Panajachel Travel Blog

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After leaving San Cristobal we were headed for Guatemala. The border was quite chaotic with people everywhere. I got my camera out to take a photo of the "Bienvenidos a Guatemala" sign only to find that my camera would not open the lens. Naturally I was pretty annoyed that my camera had carked it, especially since I didn't know what had caused it. It wouldn't be until I got to Antigua a few days later that I would get a chance to buy a replacement camera so my Panajachel visit went unphotographed, at least by me.

After we crossed over the border into Guatemala we had some different modes of transport to get to our destination of Panajachel. First we got tuk-tuks to a bus stop about 10 minutes away.

The buses in Guatemala are what are known as chicken buses because they are such a free for all form of transport that sometimes people even bring live chickens on board. I didn't see that happen but it wouldn't have shocked me if I did. Another interesting thing about the buses is that they are the decommissioned yellow school buses from the United States. Many of them have not even been painted over and look just like they did in the States - and sometimes they still have the original school district written on the side! It would be quite nostalgic to ride them if you had actually grown up taking those iconic buses to school as a kid. The one we took was painted over and was now very colourful.

The chicken bus went along into Guatemala, picking up people as we went along. They load more people on than there is room for sitting, but standing seems to be a last resort for the locals as they force you to cram three adults on a two child seat instead. I was lucky not to get crammed into three on my seat but Kate and Nick in front of me suffered that uncomfortable fate.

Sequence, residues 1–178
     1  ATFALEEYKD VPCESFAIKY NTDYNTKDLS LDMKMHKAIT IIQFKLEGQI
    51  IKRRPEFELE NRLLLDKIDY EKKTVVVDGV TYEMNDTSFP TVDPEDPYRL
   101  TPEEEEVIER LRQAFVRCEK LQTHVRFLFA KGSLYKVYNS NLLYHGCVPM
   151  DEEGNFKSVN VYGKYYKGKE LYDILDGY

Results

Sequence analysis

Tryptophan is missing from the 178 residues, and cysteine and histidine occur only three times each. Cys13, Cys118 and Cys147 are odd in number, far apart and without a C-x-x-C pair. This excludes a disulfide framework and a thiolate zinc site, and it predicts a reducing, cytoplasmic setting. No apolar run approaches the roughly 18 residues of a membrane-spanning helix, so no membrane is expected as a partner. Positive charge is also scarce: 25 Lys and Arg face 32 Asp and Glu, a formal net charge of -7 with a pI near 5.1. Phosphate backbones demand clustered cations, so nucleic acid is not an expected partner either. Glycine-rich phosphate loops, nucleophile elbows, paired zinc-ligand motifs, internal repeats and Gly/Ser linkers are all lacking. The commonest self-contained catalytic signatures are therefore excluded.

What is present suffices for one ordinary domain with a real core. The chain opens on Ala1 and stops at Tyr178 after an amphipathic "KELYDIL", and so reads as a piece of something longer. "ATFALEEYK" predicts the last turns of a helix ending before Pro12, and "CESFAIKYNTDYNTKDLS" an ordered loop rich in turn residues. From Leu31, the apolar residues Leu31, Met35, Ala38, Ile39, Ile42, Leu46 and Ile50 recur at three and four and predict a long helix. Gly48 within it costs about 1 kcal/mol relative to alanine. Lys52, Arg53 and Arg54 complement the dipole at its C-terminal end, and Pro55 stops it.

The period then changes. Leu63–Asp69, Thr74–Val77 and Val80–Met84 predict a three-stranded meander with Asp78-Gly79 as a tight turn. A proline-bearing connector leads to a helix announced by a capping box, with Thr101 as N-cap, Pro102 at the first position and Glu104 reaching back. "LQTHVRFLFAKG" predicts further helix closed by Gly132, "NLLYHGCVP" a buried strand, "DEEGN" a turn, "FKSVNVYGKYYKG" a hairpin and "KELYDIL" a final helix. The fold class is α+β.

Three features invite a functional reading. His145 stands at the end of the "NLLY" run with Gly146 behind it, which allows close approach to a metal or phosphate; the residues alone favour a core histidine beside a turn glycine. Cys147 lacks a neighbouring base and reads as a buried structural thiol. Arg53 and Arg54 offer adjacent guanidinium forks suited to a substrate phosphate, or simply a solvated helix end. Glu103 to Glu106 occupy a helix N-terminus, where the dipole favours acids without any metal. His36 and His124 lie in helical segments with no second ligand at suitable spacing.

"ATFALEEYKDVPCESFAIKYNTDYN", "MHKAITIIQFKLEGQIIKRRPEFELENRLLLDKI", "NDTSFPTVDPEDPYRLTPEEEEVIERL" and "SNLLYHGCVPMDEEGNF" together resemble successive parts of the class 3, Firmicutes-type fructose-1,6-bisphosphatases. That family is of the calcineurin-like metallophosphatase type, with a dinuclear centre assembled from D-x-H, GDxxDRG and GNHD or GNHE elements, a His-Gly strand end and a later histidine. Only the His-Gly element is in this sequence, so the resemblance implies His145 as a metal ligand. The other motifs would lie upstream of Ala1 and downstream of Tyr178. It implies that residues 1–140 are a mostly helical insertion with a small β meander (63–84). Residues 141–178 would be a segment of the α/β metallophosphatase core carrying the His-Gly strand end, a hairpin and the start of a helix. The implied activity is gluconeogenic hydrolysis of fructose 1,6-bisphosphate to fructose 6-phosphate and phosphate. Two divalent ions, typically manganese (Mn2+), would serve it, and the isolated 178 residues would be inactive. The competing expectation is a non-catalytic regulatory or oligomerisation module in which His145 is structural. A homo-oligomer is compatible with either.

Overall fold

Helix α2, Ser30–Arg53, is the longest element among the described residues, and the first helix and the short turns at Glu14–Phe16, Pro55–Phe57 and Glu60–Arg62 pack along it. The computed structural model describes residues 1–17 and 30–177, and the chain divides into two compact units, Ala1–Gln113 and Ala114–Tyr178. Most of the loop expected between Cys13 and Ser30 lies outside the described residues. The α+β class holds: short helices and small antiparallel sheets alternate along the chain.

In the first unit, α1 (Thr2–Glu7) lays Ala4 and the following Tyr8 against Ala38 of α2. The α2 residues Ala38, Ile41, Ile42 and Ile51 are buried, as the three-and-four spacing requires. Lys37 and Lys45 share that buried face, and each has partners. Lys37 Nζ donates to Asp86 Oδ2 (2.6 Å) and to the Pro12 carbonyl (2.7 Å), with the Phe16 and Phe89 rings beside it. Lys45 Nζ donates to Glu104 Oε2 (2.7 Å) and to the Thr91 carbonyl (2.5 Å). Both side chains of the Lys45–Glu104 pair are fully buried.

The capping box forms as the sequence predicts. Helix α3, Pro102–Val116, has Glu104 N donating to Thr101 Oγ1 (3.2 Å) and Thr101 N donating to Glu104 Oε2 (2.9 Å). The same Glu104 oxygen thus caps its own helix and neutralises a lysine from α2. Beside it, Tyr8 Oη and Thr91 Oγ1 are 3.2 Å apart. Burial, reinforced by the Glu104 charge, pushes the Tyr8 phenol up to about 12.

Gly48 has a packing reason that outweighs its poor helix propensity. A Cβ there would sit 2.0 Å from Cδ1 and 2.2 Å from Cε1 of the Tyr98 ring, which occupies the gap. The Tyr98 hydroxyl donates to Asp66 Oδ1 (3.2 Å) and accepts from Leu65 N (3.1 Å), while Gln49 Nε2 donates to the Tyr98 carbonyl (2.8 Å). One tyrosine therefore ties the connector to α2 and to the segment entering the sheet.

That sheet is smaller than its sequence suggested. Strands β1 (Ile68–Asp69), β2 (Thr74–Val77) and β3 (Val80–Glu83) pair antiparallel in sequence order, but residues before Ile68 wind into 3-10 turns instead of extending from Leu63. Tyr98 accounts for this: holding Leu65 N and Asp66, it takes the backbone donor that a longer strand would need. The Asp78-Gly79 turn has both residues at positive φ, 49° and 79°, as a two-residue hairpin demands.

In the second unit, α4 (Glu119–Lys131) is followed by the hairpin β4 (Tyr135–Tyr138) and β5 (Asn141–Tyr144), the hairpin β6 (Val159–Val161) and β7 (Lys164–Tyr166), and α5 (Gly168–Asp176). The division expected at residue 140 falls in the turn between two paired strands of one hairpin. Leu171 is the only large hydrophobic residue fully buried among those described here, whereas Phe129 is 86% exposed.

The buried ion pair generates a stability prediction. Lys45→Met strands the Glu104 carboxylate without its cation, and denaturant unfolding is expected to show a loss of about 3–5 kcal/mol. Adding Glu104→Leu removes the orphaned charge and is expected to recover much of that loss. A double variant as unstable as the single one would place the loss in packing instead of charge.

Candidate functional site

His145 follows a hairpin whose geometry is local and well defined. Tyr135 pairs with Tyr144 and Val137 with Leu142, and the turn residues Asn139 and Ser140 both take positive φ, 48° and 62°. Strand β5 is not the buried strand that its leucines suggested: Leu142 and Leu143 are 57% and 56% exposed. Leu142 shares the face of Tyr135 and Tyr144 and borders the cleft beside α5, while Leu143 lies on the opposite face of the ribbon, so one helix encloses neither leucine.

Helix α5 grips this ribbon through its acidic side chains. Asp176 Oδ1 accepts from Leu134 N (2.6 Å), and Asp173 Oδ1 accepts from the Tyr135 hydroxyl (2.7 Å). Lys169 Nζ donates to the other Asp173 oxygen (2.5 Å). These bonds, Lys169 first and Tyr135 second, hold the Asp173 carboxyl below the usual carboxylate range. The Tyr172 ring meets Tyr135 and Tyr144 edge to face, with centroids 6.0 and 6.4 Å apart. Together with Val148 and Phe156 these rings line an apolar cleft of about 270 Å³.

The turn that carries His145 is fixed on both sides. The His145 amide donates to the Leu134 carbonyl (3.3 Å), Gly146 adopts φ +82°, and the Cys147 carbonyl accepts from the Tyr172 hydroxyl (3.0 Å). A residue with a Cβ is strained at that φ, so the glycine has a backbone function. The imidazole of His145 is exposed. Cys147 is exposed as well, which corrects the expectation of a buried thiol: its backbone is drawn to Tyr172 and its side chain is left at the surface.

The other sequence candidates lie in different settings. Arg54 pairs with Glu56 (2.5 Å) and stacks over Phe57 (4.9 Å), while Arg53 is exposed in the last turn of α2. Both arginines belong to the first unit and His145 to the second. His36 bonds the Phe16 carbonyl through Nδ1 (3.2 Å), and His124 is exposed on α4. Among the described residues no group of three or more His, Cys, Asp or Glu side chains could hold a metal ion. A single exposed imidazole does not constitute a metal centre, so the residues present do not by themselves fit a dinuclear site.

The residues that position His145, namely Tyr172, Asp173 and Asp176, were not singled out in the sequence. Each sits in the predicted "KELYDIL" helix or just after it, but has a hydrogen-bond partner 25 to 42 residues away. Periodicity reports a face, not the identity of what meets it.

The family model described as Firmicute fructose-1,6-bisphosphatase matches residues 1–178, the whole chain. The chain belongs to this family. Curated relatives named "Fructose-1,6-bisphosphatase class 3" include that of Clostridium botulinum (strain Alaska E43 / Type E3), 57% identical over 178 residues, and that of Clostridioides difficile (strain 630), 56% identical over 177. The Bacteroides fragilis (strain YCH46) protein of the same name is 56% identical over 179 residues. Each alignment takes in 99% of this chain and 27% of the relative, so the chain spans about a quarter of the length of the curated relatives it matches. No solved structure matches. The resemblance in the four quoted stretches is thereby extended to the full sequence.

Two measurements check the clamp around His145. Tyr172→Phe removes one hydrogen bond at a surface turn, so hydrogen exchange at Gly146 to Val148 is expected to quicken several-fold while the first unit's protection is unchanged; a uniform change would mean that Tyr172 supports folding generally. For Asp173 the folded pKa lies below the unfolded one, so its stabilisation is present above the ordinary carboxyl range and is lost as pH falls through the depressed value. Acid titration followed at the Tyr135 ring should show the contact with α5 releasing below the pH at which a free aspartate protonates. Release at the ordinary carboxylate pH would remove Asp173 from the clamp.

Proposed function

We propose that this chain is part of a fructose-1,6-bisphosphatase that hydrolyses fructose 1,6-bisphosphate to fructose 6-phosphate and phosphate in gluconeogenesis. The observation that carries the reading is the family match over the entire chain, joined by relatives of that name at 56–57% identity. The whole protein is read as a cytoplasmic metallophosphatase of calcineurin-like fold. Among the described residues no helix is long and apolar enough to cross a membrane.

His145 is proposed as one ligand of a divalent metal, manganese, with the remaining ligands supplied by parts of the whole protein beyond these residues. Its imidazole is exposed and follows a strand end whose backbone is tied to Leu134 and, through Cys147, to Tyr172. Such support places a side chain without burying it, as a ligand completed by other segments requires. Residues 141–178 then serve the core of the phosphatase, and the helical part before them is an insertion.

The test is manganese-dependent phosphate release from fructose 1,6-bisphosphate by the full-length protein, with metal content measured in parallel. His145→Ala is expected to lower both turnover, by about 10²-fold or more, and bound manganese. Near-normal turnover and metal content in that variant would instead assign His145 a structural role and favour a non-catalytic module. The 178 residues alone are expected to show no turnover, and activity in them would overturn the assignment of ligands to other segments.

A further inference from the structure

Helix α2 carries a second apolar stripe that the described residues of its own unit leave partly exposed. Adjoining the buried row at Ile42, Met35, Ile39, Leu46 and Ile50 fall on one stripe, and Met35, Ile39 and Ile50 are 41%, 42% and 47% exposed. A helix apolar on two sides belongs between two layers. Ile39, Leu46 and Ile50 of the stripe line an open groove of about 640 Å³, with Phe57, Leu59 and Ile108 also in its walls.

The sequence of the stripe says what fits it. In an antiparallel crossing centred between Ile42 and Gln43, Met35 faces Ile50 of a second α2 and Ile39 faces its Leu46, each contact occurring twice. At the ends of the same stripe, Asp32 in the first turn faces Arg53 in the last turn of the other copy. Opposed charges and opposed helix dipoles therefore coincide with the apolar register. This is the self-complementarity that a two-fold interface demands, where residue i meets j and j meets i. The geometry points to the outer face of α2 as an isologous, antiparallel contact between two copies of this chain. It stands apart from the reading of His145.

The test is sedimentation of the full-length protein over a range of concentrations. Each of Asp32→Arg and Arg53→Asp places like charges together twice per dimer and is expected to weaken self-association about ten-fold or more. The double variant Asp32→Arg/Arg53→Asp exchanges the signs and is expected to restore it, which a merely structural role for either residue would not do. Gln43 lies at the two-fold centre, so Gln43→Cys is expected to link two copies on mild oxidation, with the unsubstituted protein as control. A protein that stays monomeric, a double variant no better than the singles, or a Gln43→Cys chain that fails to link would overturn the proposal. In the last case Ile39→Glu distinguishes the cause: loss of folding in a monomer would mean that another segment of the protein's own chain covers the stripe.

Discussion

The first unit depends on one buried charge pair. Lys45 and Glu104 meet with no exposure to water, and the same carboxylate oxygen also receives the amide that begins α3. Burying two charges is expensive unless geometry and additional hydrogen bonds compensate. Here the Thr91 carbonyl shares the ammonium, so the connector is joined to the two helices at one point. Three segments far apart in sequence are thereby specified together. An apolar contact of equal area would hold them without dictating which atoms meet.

After we were driving for maybe a couple of hours we got off the chicken bus at a service station and were met by a private van to take us the rest of the way. We could have got chicken buses all the way but it would have taken a lot longer and required a lot of switching buses along with our luggage that had been tied to the roof.

The van took us a couple of hours into Guatemala along a very decent road around the steep mountainside. Guatemala is a poor country but they have clearly invested a lot of capital in this road because it was better than most you would find in the first world. Near the end of the ride we stopped at a high point on the road overlooking Lake Atitlan down below, which is where Panajachel lies on. Unfortunately it was very cloudy and we didn't get a proper appreciation of the enormous volcano-shouldered lake down below. We continued on downhill and came into the town and drove to the hotel.

We unpacked at the hotel and then went out for a bit of a walk around the waterfront. It was dark and the place is not meant to be very safe so we stuck together and went to a bar and had margaritas with views over the lake. After the drink we walked to the main street in town and went to an Asian fusion restaurant for dinner. I was promised a muy picante meal but it didn't seem spicy in the slightest.

The next morning we had booked in to do a boat tour of three of the other towns on Lake Atitlan. We went to a restaurant on the waterfront about 45 minutes before we were due to leave. The place was empty and it was evident pretty quickly that they were not really prepared at all for doing their basic function of preparing food. We saw the waiter run in and out of the restaurant a couple of times to buy food for the chef downstairs, and it was all very slow at coming out. We cut it very fine by scoffing whatever we could get down in a couple of minutes before nearly running to the dock to get the boat. Though after all that and thinking we were holding everyone up we weren't even the last ones on board.